Earlier this year, we got
The Best of the Johnny Cash TV Show,
a fantastic two-disc set that gathered highlights of the Man in Black's groundbreaking 1969-71 variety series on ABC. That was when Cash was welcoming an amazing and wide-ranging array of musical giants, ranging from Louis Armstrong and Ray Charles to Bob Dylan and Creedence Clearwater Revival.
The Johnny Cash Christmas Special 1976,
one of two new Cash holiday DVDs, we get . . . Tony Orlando?
Sad to say, yes. But the "Tie a Yellow Ribbon" warbler is not the only problem with this Bicentennial year show. Unlike the Cash series, the whole thing has an ersatz feel to it, from the hokey, scripted repartee between Cash and Orlando and Cash and Roy Clark to the syrupy music that accompanies even outdoor performances.
Even the "guitar pull" segment has a fake feel to it, despite some hot picking by Merle Travis and, yes, Barbara Mandrell, on steel guitar. The whole final segment is given over to a parable by Billy Graham.
Maybe Cash had similar misgivings about the show, because
The Johnny Cash Christmas Special 1977
is vastly different, and vastly superior.
For one thing, it was filmed before a live audience at Nashville's Ryman Auditorium, just like the series. For another, the show is smartly framed as a look back at Cash's career. And so, besides including his band, the Tennessee Three (absent in '76), the guest list features Carl Perkins, Roy Orbison and Jerry Lee Lewis, each of whom performs a signature hit. (The Killer follows "Whole Lotta Shakin' Goin' On" with "White Christmas," making for one of the odder segues you're likely to see.)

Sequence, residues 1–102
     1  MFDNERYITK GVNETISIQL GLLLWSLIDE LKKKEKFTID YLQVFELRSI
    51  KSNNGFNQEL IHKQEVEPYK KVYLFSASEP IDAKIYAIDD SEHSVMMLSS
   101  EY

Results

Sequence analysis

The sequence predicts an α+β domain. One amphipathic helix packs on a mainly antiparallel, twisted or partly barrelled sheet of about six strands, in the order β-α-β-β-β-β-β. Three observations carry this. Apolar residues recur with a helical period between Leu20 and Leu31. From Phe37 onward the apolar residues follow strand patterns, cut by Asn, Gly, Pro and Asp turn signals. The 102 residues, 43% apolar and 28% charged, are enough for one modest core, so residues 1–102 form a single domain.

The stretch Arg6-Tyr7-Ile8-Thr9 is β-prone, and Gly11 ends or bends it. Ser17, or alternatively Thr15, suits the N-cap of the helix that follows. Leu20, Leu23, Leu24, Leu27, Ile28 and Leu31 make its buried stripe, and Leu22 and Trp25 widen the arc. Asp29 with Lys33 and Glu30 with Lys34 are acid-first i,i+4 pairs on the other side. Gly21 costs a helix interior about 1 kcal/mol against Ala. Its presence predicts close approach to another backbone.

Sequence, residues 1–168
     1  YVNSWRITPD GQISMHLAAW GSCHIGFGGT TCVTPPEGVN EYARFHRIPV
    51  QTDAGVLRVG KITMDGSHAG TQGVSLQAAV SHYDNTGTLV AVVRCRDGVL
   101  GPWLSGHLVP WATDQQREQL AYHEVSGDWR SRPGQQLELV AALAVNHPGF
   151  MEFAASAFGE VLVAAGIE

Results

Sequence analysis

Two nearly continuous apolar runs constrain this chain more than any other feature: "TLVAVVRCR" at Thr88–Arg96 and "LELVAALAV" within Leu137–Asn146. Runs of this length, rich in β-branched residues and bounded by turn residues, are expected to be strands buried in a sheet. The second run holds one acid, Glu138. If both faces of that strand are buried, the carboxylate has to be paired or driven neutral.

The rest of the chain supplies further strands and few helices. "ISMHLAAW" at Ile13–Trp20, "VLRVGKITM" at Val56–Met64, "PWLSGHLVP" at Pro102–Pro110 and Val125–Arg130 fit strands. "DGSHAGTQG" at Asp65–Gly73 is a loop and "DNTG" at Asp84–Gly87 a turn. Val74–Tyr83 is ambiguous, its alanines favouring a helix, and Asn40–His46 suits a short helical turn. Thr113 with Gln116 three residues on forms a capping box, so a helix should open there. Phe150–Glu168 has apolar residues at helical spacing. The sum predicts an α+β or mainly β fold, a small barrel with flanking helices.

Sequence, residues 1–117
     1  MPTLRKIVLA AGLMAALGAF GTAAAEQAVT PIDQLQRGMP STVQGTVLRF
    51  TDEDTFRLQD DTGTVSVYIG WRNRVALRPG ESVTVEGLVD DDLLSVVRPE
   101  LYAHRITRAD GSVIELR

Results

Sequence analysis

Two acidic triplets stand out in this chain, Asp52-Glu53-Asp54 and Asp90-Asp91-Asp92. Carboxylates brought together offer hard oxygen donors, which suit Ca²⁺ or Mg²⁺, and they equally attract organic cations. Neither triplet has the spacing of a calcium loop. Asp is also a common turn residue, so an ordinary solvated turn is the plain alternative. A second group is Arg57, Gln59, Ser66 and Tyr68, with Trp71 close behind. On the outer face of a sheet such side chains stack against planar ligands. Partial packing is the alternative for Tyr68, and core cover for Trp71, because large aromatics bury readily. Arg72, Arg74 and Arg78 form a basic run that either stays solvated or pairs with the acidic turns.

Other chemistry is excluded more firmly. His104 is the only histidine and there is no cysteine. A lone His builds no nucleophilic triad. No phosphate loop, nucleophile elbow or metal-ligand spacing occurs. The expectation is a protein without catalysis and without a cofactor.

Seeing Cash, Orbison, Perkins and Lewis onstage together tearing up the gospel standard "This Train Is Bound for Glory" as a tribute to the recently deceased Elvis is alone worth the price of the disc. The four return for more gospel at the end when they join the rest of the cast - June Carter Cash, the Carter Sisters, the Statler Brothers, and Roy Clark - for a rousing take on "Children Go Where I Send Thee."